Published online by Cambridge University Press: 07 October 2011
When the lights go out in a kid's room, a familiar place can become many places – a strange land inhabited by frightening creatures or a playground of warm and fuzzy animals as playmates. The loss of visual cues permits the experience of a place to hinge on subtle cues – unfamiliar noises or the lingering fantasies of a bedtime story. The experience of social interaction is often shaped by place. When the sense of place is not well defined by a physical context, we, like the kid when the lights go out, can experience any one of many places, and our behaviors and the interpretations of others’ actions change depending on the place we construct. One of the emerging themes in this volume is that place is not well defined in computer-mediated interactions. In fact, the physical place is often irrelevant. The meaning of an e-mail exchange does not depend on whether the communicators are in their offices or at the local coffee shop when they send and receive the messages. Whether the exchange is viewed as a business negotiation or idle chit-chat depends less on where the communicators are located than on other cues, often subtle, associated with the interaction. Hence, physical place is often irrelevant to the definition of situation in the person x situation frame.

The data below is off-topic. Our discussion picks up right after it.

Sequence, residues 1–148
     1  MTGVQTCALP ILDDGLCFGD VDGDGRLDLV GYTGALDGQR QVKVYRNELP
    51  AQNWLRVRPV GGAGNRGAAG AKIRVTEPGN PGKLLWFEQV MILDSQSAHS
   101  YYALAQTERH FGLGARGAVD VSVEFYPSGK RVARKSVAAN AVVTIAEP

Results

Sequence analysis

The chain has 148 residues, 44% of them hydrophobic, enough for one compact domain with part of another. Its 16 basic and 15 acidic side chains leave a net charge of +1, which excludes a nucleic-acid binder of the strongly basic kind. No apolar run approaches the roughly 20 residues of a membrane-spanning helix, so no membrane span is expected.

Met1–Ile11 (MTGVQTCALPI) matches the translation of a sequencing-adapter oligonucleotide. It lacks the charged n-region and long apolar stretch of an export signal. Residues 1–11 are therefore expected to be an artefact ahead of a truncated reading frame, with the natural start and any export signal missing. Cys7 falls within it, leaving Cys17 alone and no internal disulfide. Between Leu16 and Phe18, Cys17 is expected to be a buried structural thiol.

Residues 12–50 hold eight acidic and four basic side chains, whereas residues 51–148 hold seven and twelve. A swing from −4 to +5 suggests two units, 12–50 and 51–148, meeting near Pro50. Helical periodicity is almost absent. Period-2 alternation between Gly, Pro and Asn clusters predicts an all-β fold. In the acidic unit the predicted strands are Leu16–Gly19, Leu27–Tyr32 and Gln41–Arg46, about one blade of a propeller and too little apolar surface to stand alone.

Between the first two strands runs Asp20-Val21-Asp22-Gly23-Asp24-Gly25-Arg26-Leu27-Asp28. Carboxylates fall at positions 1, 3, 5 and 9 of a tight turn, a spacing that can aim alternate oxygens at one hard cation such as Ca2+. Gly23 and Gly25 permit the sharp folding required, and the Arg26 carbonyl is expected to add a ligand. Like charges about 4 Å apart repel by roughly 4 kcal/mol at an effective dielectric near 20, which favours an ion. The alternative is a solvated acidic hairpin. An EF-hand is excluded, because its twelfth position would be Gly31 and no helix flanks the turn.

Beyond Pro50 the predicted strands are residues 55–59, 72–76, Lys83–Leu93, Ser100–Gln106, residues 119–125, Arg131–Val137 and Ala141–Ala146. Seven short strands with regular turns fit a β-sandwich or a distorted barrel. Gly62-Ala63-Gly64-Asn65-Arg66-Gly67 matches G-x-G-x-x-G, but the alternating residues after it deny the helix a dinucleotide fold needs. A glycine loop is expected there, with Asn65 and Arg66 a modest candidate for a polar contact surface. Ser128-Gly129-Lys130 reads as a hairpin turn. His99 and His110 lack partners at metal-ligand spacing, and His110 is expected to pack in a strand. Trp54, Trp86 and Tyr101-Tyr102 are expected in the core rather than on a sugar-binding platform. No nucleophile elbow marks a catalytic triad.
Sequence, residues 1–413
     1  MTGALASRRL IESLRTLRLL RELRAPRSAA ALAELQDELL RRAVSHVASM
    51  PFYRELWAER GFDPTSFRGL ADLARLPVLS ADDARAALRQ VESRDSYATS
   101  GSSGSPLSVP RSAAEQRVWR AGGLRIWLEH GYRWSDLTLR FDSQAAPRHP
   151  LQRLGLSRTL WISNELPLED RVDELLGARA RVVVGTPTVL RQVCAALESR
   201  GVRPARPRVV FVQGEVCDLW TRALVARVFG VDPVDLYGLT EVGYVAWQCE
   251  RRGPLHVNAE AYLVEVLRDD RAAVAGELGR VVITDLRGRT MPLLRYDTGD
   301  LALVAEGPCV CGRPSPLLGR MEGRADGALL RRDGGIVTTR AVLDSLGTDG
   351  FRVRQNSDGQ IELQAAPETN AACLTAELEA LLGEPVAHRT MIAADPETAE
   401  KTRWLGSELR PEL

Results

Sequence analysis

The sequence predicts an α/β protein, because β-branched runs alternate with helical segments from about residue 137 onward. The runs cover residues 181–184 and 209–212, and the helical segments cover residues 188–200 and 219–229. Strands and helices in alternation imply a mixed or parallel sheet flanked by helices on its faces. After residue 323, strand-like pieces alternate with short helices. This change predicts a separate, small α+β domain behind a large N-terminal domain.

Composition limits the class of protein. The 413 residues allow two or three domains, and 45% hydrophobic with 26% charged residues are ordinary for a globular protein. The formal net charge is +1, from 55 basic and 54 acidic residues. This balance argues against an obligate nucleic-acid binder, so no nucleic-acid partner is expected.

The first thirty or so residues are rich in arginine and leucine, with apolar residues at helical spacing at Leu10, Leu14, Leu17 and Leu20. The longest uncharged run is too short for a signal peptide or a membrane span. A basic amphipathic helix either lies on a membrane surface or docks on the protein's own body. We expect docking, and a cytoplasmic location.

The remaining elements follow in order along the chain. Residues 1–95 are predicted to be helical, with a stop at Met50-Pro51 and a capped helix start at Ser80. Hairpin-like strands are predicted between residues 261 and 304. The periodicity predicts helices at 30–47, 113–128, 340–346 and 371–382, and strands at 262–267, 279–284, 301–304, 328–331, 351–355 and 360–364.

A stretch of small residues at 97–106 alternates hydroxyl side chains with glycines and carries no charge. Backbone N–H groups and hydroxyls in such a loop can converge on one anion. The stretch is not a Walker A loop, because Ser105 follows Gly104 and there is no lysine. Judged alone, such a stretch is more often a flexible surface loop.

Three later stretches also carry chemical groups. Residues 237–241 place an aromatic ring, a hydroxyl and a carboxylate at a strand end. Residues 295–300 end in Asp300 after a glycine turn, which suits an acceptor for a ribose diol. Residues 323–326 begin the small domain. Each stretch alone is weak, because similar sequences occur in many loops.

Another theme that threads its way through the chapters in this book is that the identity of the person is malleable. Actors’ identities are often partly or completely masked by the medium. Moreover, what one reveals about one's self is controllable and the opportunity for portraying a fraudulent self is great. I can become whomever my desires, imaginations, and ambitions dictate. Thus, anonymity has been and continues to be a variable of interest in the study of computer-mediated interaction. The emphasis in much of the early work was on the dark side of anonymous interactions – the bad things that happen when one escapes the constraints of norms and accountability. However, a sampling of the chapters in this volume reveals that the dark side is only part of the picture. For example, the social identity model of deindividuation effects (SIDE model; Spears et al., this volume) provides a much more nuanced and dynamic view of what can happen when actors’ identities are hidden or filtered by electronic media. Spears and his colleagues show how anonymity can lead to more or less normatively scripted behavior depending on the other cues in the context.